The Erie policy contractually limits its scope of coverage to property damage and bodily injury damage.   The policy's uninsured motorist endorsement provides that Erie will pay damages for bodily injury that are recoverable against an uninsured motorist.   Bodily injury damage is defined as “bodily injury, meaning physical harm, sickness or disease including care, loss of service or resultant death.”   Upon review, this court finds that the Erie policy section regarding uninsured motorist coverage comports with the requirements of R.C. 3937.18, and is therefore enforceable.  State Farm v. Alexander, 62 Ohio St.3d at 399, 583 N.E.2d at 311-312.

 The crux of appellants' argument then revolves around whether posttraumatic stress disorder is a “bodily injury” as defined in the policy.   Emotional distress is not a “physical harm,” nor is it a “sickness” or “disease” as defined by the policy.   See Reichard v. Nationwide Mut. Fire Ins. Co. (Dec. 10, 1992), Montgomery App. No. 13392, unreported, 1992 WL 361829;  Heinze v. Liberty Mut. Ins. Co. (June 7, 1993), Butler App. No. CA92-10-205, unreported, 1993 WL 192909.   Taber's Cyclopedic Medical Dictionary (18 Ed.1997) 552 defines “disease” as a pathological condition of the body that presents a group of clinical symptoms or findings and is characterized as something tangible and measurable.   Id.  “Sickness” is defined as a state of being unwell, characterized as an illness of a typically physical nature.   Id. at 1757.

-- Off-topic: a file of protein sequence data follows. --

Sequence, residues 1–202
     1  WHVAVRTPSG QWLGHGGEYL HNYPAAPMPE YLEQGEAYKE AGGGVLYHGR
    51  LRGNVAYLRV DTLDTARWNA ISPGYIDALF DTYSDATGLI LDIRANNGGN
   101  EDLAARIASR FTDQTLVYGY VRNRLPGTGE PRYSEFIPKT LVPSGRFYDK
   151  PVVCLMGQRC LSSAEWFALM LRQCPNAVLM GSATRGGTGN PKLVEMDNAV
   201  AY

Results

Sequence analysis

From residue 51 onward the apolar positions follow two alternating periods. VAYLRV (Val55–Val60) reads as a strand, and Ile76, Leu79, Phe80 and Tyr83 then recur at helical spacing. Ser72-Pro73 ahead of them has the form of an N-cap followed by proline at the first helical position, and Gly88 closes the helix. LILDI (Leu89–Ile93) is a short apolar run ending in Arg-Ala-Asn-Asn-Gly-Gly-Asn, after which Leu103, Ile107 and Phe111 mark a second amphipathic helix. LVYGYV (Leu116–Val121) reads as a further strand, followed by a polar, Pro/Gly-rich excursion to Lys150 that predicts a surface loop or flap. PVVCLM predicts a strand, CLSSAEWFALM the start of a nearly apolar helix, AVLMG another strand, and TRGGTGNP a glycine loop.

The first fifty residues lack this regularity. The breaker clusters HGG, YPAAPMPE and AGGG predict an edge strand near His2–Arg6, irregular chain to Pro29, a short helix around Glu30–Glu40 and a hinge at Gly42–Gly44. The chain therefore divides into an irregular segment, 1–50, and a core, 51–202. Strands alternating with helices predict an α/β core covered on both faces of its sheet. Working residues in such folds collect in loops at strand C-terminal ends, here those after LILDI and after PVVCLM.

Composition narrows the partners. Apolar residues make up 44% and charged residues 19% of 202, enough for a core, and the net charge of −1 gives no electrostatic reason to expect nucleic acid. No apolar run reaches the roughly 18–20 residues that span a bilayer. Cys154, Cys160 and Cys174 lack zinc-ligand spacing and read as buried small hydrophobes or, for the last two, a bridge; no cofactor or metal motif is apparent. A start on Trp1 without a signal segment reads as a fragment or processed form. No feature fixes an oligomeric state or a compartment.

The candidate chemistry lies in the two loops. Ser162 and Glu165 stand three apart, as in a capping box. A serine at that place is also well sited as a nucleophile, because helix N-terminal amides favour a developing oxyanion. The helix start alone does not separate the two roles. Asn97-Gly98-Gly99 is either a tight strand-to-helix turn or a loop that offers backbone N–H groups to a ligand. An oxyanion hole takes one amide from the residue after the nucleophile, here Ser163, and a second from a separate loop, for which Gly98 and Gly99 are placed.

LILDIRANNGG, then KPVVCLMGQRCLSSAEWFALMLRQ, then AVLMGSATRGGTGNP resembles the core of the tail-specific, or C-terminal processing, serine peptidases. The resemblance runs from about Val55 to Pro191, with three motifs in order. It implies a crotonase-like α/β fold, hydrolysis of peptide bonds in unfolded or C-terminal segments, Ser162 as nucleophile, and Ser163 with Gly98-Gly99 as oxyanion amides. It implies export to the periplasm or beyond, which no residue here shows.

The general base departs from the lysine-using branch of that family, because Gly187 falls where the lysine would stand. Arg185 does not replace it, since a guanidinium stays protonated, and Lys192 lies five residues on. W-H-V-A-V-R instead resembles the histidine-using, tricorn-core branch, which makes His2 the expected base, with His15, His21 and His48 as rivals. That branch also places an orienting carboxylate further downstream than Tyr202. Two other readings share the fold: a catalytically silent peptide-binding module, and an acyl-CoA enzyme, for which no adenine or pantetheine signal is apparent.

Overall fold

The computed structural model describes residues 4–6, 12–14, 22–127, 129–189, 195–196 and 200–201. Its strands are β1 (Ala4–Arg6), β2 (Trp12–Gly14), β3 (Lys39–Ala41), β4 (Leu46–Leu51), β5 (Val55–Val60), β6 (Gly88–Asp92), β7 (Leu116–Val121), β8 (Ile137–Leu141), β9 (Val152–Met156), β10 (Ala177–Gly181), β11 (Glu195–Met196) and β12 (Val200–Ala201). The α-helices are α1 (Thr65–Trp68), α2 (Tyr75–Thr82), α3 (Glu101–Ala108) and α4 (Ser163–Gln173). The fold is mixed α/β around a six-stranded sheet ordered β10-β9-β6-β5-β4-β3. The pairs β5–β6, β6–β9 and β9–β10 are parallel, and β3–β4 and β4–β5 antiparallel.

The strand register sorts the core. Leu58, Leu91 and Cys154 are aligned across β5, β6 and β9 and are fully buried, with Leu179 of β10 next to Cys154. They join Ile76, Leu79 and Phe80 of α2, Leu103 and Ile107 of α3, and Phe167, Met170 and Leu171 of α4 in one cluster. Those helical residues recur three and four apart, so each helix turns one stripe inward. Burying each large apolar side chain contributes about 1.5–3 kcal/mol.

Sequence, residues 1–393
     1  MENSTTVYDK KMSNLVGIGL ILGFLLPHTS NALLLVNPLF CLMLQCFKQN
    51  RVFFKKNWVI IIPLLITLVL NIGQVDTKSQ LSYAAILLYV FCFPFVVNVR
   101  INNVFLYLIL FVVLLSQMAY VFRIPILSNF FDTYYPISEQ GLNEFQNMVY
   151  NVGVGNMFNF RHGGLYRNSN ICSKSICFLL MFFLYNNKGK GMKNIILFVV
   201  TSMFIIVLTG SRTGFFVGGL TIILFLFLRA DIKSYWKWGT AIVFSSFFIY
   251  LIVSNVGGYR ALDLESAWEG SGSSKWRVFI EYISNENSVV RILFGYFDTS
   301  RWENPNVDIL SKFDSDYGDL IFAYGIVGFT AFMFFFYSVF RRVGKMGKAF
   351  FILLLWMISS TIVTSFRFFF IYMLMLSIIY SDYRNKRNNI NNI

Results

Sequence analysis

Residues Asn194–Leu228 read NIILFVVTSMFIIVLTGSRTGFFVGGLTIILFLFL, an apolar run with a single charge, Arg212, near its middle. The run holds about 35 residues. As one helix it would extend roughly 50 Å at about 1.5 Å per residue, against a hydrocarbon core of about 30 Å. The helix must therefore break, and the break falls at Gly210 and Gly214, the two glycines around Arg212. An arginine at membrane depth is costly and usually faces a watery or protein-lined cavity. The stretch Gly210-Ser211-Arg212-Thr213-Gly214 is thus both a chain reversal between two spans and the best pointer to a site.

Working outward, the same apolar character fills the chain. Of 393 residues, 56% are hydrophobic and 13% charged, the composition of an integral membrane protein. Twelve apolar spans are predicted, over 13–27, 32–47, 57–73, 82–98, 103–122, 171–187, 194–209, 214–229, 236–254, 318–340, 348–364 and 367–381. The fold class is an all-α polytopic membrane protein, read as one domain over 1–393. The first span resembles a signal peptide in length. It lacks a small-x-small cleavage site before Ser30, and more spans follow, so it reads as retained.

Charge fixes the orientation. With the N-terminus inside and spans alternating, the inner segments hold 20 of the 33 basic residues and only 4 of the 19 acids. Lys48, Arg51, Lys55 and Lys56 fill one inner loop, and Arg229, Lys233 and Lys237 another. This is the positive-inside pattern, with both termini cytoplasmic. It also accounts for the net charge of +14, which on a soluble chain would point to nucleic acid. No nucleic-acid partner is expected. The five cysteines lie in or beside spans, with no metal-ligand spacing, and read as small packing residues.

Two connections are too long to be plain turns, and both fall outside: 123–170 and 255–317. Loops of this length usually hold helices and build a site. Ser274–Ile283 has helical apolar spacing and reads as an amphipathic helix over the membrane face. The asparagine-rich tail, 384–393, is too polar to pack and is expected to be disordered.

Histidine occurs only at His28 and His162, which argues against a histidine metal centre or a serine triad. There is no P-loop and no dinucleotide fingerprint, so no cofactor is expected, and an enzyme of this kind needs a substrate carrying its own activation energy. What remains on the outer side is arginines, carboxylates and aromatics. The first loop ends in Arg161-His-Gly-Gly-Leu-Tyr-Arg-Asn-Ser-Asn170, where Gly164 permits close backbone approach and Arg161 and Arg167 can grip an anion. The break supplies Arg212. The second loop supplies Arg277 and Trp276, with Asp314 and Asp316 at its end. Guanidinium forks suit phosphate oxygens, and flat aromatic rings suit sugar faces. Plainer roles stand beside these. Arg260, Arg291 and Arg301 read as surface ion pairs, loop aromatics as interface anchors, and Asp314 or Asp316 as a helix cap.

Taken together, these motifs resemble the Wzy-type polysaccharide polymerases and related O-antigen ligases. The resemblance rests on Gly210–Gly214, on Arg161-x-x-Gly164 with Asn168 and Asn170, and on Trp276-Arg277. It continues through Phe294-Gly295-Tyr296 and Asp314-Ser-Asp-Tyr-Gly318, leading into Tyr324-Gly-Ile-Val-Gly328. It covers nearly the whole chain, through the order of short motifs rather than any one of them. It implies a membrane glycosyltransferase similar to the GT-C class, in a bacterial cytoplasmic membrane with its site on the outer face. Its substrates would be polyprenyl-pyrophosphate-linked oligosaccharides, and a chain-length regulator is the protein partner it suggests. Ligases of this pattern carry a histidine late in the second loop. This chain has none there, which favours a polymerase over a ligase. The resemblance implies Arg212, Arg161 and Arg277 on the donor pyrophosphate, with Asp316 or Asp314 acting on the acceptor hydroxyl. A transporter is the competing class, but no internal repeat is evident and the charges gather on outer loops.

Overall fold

The court in Bowman v. Holcomb (1992), 83 Ohio App.3d 216, 219, 614 N.E.2d 838, 840-841, held that nonphysical injuries are not bodily injuries.   That court concluded:

 “Based on the commonly accepted definitions of ‘bodily injury,’ ‘sickness' and ‘disease,’ the judicial trend to exclude non-physical harms such as emotional distress from the term ‘bodily injury’ and the coverage anticipated * * * we hold that * * * [a] claim for negligent infliction of emotional distress is not a separate ‘bodily injury’ under the Auto-Owners policy.”  Id. at 220, 614 N.E.2d at 841.